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Statale University of Milan: genetic marker for Amyotrophic Lateral Sclerosis discovered

Statale University of Milan: genetic marker for Amyotrophic Lateral Sclerosis discovered

The cover of the March issue of the prestigious “Science Translational Medicine” journal, dedicated to the baseball champion Lou Gehrig who tragically died due to Amyotrophic Lateral Sclerosis (ALS), awards research on neurodegenerative diseases, such as Amyotrophic Lateral Sclerosis (ALS) carried out by the Statale University of Milan in collaboration with several U.S. and Italian partners.

With this new study, the team of Italian researchers coordinated by Vincenzo Silani of Statale University, with support from Istituto Auxologico Italiano and Ospedale Maggiore of Crema, have discovered the efficacy of a specific biomarker to monitor genetic mutations that underlie Amyotrophic Lateral Sclerosis and other neurodegenerative diseases.

Based on the results of a previous study, which described the accumulation of a specific protein (poliGP) in brain tissues and cerebrospinal fluid of patients with Amyotrophic Lateral Sclerosis with mutation of C9orf72 gene, the Italian researchers have developed a pharmacological biomarker that can help diagnose this disease and increase the efficacy of future therapeutic approaches.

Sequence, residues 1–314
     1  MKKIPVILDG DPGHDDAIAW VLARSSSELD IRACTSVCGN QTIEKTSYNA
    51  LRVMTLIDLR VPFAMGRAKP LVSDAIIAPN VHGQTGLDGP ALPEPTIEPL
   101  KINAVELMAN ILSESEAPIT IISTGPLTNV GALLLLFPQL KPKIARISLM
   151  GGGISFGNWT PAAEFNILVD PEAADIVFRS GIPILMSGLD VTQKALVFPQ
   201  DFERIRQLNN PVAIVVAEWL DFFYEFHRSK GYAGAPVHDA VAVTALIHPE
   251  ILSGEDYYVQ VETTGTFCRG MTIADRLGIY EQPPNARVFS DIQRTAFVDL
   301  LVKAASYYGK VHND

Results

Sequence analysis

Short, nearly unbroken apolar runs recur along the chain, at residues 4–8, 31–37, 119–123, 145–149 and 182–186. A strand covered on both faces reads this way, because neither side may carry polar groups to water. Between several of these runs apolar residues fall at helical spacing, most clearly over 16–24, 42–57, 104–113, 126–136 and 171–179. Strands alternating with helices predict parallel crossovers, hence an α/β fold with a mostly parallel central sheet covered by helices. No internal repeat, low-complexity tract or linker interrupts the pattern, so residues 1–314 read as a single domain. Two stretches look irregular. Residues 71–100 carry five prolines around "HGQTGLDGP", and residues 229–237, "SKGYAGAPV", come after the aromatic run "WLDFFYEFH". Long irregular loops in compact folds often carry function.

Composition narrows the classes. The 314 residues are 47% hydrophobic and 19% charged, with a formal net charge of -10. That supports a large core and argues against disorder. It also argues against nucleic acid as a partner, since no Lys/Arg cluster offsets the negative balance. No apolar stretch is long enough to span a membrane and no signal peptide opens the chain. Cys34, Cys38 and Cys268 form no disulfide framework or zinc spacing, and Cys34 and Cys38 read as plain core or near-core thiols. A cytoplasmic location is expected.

“The importance of this scientific contribution – said the researchers – is the further definition of a pharmacodynamic marker of the neurodegenerative disease underlying the mutation of C9orf72 gene, to understand ALS, FTD but also, even with a reduced incidence, Alzheimer’s Disease, as well as extrapyramidal and psychiatric diseases.”

“The therapeutic lack of efficacy of several molecules evaluated to date in controlled studies – continued the researchers – was attributed also to the lack of a reliable biomarker that seems to be available today, like in C9orf72‐positive cases, not only to support the diagnosis, but also to define pre-symptomatic patients and, especially, to evaluate therapeutic efficacy: pre‐clinical studies with antisense oligonucleotides are a reality and, therefore, it will be soon possible to use them also in carriers of mutations of C9orf72 and of the CSF marker described.”

This discovery is an important advance in understanding neurodegenerative diseases such as Amyotrophic Lateral Sclerosis (ALS) and paves the way to a new possible therapeutic approach in carriers of C9orf72 gene mutation experimentally studied, as well suggesting that it will be hopefully possible to develop new and more effective targeted individual treatments.

Source Università degli Studi di Milano
Publication date 04/18/2017
Tag Life Sciences
Insights